55

I have two applications.

One is declaring permission and having single Activity:

Part of AndroidManifest.xml

<application
    android:icon="@drawable/ic_launcher"
    android:label="@string/app_name"
    android:permission="your.namespace.permission.TEST" >
    <activity
        android:name=".DeclaringPermissionActivity"
        android:label="@string/app_name" >

        <intent-filter>
            <action android:name="android.intent.action.MAIN" />

            <category android:name="android.intent.category.LAUNCHER" />
        </intent-filter>

        <intent-filter> 
         <action android:name="android.intent.action.VIEW" /> 
         <category android:name="android.intent.category.DEFAULT" /> 
         <category android:name="android.intent.category.BROWSABLE" /> 
         <data android:scheme="myapp"
             android:host="myapp.mycompany.com" /> 
        </intent-filter> 
    </activity>
</application>

The second declares that is uses permission

Part of AndroidManifest.xml

<uses-sdk android:minSdkVersion="10" />
<uses-permission android:name="your.namespace.permission.TEST" />

<application

Part of Activity:

public void onCreate(Bundle savedInstanceState) {
    super.onCreate(savedInstanceState);
    setContentView(R.layout.main);

    startActivity(new Intent(Intent.ACTION_VIEW, Uri.parse("myapp://myapp.mycompany.com/index")));
}

I'm installing the application declaring permission, then I run the second application.

In a result I get security exception:

 01-11 09:46:55.249: E/AndroidRuntime(347): java.lang.RuntimeException: Unable to start activity ComponentInfo{your.namespace2/your.namespace2.UsingPErmissionActivity}: java.lang.SecurityException: Permission Denial: starting Intent { act=android.intent.action.VIEW dat=myapp://myapp.mycompany.com/index cmp=your.namespace/.DeclaringPermissionActivity } from ProcessRecord{407842c0 347:your.namespace2/10082} (pid=347, uid=10082) requires your.namespace.permission.TEST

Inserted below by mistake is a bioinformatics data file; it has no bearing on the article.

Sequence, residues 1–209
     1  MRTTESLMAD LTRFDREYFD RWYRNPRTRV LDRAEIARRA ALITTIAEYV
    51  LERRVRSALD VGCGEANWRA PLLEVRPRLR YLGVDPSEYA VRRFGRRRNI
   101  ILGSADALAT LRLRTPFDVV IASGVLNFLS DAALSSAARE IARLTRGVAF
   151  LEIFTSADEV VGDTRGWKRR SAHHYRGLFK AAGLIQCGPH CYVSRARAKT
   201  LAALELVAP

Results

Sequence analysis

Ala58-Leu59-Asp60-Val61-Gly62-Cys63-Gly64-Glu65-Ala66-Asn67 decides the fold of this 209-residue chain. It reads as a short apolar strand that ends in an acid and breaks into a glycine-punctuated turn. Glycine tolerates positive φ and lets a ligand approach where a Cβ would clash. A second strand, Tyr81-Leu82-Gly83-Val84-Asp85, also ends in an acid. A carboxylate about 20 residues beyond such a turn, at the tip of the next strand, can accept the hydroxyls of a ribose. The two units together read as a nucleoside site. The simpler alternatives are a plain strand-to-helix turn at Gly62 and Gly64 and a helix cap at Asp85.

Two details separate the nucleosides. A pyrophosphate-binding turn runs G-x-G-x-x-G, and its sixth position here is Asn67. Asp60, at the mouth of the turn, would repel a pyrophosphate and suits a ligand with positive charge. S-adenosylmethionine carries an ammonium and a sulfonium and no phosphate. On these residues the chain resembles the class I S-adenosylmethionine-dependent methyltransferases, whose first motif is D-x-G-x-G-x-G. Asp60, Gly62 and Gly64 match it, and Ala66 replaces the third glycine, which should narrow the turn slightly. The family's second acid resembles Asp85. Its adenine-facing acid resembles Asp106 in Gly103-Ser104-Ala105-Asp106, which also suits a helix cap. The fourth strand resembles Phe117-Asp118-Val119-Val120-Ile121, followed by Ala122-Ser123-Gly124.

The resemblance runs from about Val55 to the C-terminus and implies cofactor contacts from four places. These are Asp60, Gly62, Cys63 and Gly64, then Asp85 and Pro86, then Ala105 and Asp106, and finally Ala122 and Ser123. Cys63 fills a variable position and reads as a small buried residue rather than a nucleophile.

101

I created a test code you can use it and test your permissions. There are two applications PermissionTestClient which declares permission and protects its activity with this permission. Here is its manifest file:

<?xml version="1.0" encoding="utf-8"?>
<manifest xmlns:android="http://schemas.android.com/apk/res/android"
    package="com.testpackage.permissiontestclient"
    android:versionCode="1"
    android:versionName="1.0" >

    <uses-sdk android:minSdkVersion="10" />
    <permission android:name="com.testpackage.mypermission" android:label="my_permission" android:protectionLevel="dangerous"></permission>

    <application
        android:icon="@drawable/ic_launcher"
        android:label="@string/app_name" >
        <activity
            android:permission="com.testpackage.mypermission"
            android:name=".PermissionTestClientActivity"
            android:label="@string/app_name" >
            <intent-filter>
                <action android:name="android.intent.action.MAIN" />

                <category android:name="android.intent.category.LAUNCHER" />
            </intent-filter>

            <intent-filter >
                <action android:name="com.testpackage.permissiontestclient.MyAction" />
                <category android:name="android.intent.category.DEFAULT" />                
            </intent-filter>
        </activity>
    </application>

</manifest>

There is nothing special in Activity file so I will not show it here.

PermissionTestServer application calls activity from PermissionTestClient. Here is its manifest file:

<?xml version="1.0" encoding="utf-8"?>

<uses-sdk android:minSdkVersion="10" />
<uses-permission android:name="com.testpackage.mypermission"/>

<application
    android:icon="@drawable/ic_launcher"
    android:label="@string/app_name" >
    <activity
        android:name=".PermissionTestServerActivity"
        android:label="@string/app_name" >
        <intent-filter>
            <action android:name="android.intent.action.MAIN" />

            <category android:name="android.intent.category.LAUNCHER" />
        </intent-filter>
    </activity>
</application>

</manifest>

And Activity:

package com.testpackage.permissiontestserver;

import android.app.Activity;
import android.content.Intent;
import android.os.Bundle;
import android.util.Log;
import android.view.View;
import android.view.View.OnClickListener;
import android.widget.Button;

public class PermissionTestServerActivity extends Activity {
    private static final String TAG = "PermissionTestServerActivity";

    /** Called when the activity is first created. */
    Button btnTest;
    @Override
    public void onCreate(Bundle savedInstanceState) {
        super.onCreate(savedInstanceState);
        setContentView(R.layout.main);